Heather Havrilesky in The New York Times:
That’s the message coming in loud and clear in this dawning era of transparency, whether it’s embodied in enraged emails from a powerful movie producer or depressive tweets from a wealthy celebrity. But success without popularity doesn’t count, either. Slipping into the shadows in the wake of an achievement is no longer an option; you must re-enact your value in real time, on a world stage, via conferences, TED talks, panels, festivals, radio appearances and podcasts, all the while conjuring a level of poise and grace that was once the sole purview of news anchors and talk-show hosts. This is the paradox of the modern digital world: It demands broadcast-quality demonstrations of social value, even as it steadily erodes our ability to deliver them. Enter: a brand new era of self-help books in which happiness not only takes precedence over success, but poise and popularity sometimes seem to take precedence over skill or originality or productivity. If the Gilded Age celebrated the inventor and the innovator, our modern age wants to transform us all, no matter what we do, into some combination of expert, pop star and beneficent guru. We are all meant to be as charismatic as Steve Jobs or Oprah, with our creations always secondary to the spectacle of our passionate, unfailingly genuine personalities.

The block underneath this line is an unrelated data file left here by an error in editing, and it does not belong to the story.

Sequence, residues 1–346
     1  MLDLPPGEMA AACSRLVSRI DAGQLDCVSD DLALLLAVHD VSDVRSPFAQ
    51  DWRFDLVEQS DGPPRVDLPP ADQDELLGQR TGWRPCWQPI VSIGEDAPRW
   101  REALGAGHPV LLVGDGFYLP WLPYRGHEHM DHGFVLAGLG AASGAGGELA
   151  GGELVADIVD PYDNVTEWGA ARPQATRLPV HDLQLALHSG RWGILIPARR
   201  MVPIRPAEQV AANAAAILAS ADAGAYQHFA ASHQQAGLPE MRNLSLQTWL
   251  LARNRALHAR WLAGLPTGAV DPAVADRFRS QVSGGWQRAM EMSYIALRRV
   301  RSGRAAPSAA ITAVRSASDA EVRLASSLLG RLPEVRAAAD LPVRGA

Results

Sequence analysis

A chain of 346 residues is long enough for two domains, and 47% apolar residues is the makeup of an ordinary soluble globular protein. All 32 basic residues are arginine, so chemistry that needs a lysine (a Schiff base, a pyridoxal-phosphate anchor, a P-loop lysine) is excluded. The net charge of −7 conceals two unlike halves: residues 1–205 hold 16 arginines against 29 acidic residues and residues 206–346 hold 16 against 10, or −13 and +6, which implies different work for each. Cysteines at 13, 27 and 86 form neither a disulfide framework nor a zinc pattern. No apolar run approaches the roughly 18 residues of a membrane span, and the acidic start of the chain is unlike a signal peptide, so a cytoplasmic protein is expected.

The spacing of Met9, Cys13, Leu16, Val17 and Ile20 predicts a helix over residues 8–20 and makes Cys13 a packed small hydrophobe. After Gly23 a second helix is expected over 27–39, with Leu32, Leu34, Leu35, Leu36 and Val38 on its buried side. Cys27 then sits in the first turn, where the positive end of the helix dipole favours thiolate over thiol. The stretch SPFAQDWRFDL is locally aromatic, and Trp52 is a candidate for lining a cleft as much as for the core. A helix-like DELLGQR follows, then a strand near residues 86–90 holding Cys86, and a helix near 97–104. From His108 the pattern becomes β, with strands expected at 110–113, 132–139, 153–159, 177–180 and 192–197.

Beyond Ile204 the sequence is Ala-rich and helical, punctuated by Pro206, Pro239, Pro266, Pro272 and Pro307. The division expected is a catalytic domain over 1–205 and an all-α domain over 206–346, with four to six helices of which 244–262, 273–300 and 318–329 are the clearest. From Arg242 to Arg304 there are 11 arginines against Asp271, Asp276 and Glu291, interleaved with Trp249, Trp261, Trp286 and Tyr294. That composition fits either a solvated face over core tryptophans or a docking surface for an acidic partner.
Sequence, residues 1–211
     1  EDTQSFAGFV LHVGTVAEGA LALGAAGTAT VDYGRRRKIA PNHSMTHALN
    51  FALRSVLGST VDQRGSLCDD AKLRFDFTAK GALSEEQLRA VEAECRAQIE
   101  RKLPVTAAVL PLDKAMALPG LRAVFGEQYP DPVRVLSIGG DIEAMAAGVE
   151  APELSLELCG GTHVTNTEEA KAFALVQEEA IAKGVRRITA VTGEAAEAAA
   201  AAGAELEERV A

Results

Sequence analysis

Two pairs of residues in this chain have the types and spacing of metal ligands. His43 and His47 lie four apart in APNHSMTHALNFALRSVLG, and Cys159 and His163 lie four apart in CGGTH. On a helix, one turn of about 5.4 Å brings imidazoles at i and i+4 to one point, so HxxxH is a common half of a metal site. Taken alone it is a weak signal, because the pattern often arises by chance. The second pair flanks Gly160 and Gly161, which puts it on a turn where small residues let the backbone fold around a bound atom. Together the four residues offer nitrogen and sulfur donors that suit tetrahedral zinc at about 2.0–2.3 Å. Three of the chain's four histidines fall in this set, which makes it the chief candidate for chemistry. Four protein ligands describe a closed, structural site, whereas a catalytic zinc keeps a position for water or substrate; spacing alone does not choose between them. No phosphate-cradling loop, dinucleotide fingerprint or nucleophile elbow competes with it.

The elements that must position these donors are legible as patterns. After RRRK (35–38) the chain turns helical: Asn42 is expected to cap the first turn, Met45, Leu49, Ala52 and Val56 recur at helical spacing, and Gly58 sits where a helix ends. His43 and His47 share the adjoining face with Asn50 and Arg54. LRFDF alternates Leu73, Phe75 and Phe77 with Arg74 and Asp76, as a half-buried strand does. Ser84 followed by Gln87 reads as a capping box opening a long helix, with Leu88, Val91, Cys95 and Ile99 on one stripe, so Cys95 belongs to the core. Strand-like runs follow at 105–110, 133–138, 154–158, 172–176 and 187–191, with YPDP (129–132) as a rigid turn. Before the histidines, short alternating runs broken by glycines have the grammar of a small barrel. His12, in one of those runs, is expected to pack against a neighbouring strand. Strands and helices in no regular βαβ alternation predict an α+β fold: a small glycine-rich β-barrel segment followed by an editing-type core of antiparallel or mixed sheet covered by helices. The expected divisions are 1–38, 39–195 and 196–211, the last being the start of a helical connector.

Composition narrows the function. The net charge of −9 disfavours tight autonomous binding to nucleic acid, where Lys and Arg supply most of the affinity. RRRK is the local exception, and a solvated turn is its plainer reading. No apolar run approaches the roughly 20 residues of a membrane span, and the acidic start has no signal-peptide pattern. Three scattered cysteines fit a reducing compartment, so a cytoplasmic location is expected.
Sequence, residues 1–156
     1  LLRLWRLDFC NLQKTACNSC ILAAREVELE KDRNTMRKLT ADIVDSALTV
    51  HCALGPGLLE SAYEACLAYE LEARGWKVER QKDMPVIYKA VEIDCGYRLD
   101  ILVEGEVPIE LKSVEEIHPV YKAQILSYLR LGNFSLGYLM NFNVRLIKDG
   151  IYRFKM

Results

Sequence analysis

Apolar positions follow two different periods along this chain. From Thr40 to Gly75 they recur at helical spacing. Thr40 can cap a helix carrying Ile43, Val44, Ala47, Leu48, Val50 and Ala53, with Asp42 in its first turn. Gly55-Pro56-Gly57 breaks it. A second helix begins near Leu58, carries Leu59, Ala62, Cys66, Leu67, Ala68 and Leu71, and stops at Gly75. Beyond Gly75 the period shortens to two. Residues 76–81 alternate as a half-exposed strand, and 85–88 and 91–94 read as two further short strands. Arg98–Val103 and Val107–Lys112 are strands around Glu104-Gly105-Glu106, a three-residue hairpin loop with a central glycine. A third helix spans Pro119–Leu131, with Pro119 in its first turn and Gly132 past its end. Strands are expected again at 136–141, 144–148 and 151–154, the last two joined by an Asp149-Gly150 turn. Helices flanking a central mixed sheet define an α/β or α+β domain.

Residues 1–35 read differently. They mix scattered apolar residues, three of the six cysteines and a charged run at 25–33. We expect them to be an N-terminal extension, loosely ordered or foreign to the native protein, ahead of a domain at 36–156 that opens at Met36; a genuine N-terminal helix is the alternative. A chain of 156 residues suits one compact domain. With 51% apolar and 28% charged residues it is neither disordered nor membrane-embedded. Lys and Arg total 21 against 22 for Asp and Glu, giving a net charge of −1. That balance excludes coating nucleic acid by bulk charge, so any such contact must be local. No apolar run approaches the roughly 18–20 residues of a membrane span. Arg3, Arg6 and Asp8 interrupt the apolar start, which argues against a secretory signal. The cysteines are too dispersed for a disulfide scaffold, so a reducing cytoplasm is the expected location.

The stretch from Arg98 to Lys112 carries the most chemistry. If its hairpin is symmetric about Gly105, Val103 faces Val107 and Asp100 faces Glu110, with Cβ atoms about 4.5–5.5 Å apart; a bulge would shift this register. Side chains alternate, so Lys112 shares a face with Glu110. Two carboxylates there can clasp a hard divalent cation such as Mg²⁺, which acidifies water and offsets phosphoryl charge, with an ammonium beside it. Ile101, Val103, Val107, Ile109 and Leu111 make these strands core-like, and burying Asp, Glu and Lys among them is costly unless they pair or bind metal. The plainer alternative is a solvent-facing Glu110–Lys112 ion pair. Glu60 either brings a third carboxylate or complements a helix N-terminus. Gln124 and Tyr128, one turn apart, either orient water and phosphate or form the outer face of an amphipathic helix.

No wonder such books toggle unnervingly between awkward confession and ephemeral vision quest. Exemplifying this potent mix are Amy Cuddy’s “Presence: Bringing Your Boldest Self to Your Biggest Challenges” and Shonda Rhimes’s “Year of Yes.” Both books begin with the specter of success without happiness, success without camera-ready poise, success haunted by “impostor syndrome” and flop sweats and panic attacks. And both books resolve in a triumph of rousing speechifying and charming talk-show-circuit shenanigans — the new, truest measure of postmodern, high-capitalist victory.